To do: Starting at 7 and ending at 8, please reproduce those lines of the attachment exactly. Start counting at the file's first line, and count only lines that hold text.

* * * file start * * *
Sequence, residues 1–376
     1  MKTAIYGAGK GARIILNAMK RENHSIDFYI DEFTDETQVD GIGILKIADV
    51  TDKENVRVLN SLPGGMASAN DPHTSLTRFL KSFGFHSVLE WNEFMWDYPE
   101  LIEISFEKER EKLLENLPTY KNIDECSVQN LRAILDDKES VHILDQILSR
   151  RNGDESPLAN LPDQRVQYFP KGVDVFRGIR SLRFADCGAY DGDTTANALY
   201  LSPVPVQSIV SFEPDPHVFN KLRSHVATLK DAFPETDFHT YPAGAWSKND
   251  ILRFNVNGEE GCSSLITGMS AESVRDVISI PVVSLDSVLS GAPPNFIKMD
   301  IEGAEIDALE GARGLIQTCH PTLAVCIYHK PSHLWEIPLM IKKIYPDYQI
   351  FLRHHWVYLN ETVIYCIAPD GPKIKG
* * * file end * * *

   251  ILRFNVNGEE GCSSLITGMS AESVRDVISI PVVSLDSVLS GAPPNFIKMD
   301  IEGAEIDALE GARGLIQTCH PTLAVCIYHK PSHLWEIPLM IKKIYPDYQI